I had a couple of general meetings with Gale Anne Hurd, producer of The Walking Dead, and we had talked about a couple of things. She was a producer on the Punisher film, and they had gotten a draft of the script, so they brought me in, and I pitched what some of the fixes were. But I was very new to the rewrite game. In fact, that was my first rewrite, at least in terms of features. You sort of pitch what your ideas are, they tell you what they like and what they don’t like, and then they say “yes” or “no” and they cut you loose. This was right around the writers’ strike, or circling that period, so I go off and I do my thing.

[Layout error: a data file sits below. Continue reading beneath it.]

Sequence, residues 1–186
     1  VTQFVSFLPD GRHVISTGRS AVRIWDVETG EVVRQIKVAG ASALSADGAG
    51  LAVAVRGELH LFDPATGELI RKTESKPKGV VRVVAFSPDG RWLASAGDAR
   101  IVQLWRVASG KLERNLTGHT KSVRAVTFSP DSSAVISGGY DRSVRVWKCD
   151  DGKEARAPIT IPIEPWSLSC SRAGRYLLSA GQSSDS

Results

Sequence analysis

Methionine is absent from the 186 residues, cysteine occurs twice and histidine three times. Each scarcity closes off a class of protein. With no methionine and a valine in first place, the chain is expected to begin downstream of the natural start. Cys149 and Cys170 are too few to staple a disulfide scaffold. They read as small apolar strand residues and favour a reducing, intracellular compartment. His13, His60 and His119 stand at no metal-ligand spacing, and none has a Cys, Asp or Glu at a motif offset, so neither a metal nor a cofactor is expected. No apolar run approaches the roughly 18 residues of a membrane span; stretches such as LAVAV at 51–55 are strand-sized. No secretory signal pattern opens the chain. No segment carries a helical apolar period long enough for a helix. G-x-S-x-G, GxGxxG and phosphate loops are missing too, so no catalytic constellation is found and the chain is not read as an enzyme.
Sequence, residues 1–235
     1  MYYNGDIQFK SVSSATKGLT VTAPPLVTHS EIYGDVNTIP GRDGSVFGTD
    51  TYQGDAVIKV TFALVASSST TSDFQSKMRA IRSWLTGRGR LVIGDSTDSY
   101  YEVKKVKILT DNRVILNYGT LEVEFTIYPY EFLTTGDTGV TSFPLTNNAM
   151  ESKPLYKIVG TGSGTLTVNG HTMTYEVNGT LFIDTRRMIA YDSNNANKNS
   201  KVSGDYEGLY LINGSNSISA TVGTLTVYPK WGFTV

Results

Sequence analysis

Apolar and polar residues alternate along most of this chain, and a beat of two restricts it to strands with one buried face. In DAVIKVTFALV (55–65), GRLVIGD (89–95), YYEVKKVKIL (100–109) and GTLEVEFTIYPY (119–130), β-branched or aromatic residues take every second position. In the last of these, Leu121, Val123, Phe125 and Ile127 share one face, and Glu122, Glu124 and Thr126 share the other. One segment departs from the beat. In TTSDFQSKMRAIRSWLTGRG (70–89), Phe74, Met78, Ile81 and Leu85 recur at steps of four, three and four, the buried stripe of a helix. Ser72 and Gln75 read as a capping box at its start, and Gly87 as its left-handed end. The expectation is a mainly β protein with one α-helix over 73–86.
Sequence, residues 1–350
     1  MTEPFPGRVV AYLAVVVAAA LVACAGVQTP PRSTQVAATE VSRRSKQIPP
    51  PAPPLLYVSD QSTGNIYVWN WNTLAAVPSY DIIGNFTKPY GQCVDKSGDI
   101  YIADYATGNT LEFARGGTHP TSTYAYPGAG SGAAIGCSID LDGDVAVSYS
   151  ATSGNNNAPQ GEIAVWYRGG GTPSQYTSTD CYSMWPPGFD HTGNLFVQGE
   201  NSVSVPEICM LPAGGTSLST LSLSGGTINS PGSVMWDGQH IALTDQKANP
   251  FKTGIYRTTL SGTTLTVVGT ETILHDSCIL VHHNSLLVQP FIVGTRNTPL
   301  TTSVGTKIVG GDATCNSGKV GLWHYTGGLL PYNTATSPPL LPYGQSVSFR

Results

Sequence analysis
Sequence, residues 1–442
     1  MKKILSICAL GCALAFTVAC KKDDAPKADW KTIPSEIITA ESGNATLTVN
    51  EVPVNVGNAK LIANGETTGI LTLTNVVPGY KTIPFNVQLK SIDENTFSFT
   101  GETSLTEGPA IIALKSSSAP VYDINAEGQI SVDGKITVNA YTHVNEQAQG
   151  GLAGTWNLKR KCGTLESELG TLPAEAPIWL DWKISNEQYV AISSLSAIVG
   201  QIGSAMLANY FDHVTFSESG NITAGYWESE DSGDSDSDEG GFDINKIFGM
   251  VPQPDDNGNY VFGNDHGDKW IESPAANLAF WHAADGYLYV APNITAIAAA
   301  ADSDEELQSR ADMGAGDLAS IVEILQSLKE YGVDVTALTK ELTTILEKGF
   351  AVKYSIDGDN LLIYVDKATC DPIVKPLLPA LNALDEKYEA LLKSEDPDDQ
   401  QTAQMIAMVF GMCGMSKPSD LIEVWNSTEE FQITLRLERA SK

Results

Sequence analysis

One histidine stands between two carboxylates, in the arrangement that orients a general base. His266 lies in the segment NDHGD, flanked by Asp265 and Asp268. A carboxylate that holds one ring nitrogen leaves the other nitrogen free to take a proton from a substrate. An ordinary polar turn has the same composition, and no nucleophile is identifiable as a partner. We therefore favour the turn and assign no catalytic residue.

I was thinking about this conversation this morning, and…I’m not a guy who really can stay inside the lines very well [Laughs]. And I think that’s why I don’t have a bigger feature career. I mean, obviously TV occupies my time, and it’s my passion, but the TV rewrite game and big-project game is such a formulaic process. And I’m not saying that as a bad thing. It’s just what it is. And I really have had trouble finding my voice in that kind of rigid a structure. TV has its own structure as well, obviously, but with a serialized show, you’re not limited to any restrictions on character or narrative or relationship. You can move at any pace, in any direction. Whereas with features, its first twist within 15 minutes, plot shift at the half-hour…you know the deal. And it’s cool, and it works, and that’s what it is. But then you take a company like Marvel that has a billion-dollar corporation based on a formula—a very specific formula—that they know generates income. And Kevin (Feige) is a super intelligent guy, but he’s a businessman, and he knows what works and he knows what doesn’t work. So they hand off this project to me, and my whole thing was, “I’m just gonna f— up the formula! I’m gonna mix it up! I’m gonna make it different!” Thinking that was a good idea. And not, like, “f— up the formula” in a Tarantino kind of way, but just in terms of what was expected.